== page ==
I also found that in this novel, the writers weren’t able to evoke as much sympathy from me for these women as they did in their other books. This could possibly be because of the heavy romantic side of these books. Another reason could be because I felt some inconsistencies regarding how each of these women described and/or related to the titular forgotten room. I did feel for Olive the most, and while I appreciated Kate’s spunk in trying to be a professional woman, I really couldn’t connect well with Lucy, who seemed almost adrift. Strangely enough, though, I felt like the writing style in Lucy’s chapters was actually the most vivid of the three, with Olive’s coming in a close second. Sadly, Kate’s chapters felt the least alive to me, and the most difficult for me to envision.
That said, I actually enjoyed reading this book a great deal, while at the same time, I’m glad that this wasn’t my first outing with Team-W. Having the advantage of experiencing their other books first, means that I can see both how far they’ve come as collaborators, as well as how that their focus has moved further away from romance with each new novel. Now, this doesn’t mean that I wouldn’t have read their other books if I had read this one first, but I might have been a touch wary of them if this had been my initial experience. Obviously, because I’ve enjoyed all these books, if they write yet another book together in the future, I’ll be first in line to read it. With all of this, I think that I’ll still recommend this book, especially to those who like a good romance, as they’ll probably adore this one. Sadly, that’s not really my thing, and that’s why for me, I think three and a half stars out of five (which from me, is still a good rating) is most appropriate. However, I’m certain that had I read this before their other works, I would have given them a higher rating!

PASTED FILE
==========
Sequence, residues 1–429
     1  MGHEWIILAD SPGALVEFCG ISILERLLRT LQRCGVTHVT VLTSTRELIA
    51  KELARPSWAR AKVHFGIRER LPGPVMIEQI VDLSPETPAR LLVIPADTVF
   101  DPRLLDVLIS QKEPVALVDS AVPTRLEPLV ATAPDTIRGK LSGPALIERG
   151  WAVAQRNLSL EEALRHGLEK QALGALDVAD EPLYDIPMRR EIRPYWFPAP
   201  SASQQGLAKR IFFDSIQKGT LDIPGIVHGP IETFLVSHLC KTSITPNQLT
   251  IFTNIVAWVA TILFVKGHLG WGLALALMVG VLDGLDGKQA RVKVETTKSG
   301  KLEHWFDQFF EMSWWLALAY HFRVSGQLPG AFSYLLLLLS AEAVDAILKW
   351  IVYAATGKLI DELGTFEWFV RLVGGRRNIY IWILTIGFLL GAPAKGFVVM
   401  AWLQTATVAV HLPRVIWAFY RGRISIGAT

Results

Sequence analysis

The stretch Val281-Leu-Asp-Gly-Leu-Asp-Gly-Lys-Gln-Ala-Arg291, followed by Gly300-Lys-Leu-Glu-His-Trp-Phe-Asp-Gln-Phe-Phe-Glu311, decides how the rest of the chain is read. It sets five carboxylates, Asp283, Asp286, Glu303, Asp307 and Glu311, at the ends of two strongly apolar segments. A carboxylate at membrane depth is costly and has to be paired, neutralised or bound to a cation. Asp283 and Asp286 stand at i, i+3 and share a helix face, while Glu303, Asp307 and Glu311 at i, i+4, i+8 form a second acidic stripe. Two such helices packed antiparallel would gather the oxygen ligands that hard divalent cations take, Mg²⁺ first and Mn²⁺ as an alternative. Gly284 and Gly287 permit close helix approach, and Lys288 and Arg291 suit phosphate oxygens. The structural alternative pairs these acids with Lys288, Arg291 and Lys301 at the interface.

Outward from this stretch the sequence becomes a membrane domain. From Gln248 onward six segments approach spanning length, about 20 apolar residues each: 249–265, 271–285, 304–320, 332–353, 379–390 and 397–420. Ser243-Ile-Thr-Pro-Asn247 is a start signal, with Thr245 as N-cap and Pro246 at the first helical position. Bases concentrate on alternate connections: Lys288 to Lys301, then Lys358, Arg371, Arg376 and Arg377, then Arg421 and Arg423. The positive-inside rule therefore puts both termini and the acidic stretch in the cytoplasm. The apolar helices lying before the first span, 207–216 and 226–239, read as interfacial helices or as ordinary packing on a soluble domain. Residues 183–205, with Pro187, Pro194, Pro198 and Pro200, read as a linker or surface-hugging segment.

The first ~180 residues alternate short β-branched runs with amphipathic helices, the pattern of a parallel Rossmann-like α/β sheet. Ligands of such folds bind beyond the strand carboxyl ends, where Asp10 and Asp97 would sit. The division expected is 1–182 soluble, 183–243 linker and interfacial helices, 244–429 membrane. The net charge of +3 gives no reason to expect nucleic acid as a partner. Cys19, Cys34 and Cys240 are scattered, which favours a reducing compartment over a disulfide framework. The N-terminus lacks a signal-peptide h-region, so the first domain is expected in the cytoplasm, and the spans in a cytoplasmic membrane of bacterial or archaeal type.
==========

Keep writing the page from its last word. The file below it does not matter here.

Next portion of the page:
“The Forgotten Room” by White, Williams, and Willig is available (via the following affiliate links) from Amazon, The Book Depository (free worldwide delivery), Foyles, Waterstones, WHSmith, Wordery, Walmart (Kobo) US (eBooks and audiobooks), the website eBooks.com, Booksamillion.com, iTunes (iBooks and audiobooks), new or used from Alibris, used from Better World Books (promoting libraries and world literary), as well as from as well as from Bookshop.org and UK.Bookshop (to support independent bookshops, especially during the COVID-19 pandemic) or an IndieBound store near you.
This novel qualifies for the following reading challenges: Historical Fiction Reading Challenge (#?), 20 Books of Summer 21 (#?).
6 thoughts on “Team-W’s First Novel.”
Even with single authors that I love, sometimes when I read their backlist, it’s a struggle. It’s good to see these women are getting better with each book.
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Yes, I’m now reading Marie Benedict’s first novel – The Other Einstein – and I can see how she’s grown since then as a writer. Very interesting.
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Wow! A writing team of 3 must be challenging!
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I’m sure it is, but they’ve written three together, and they’re getting better at it with each book.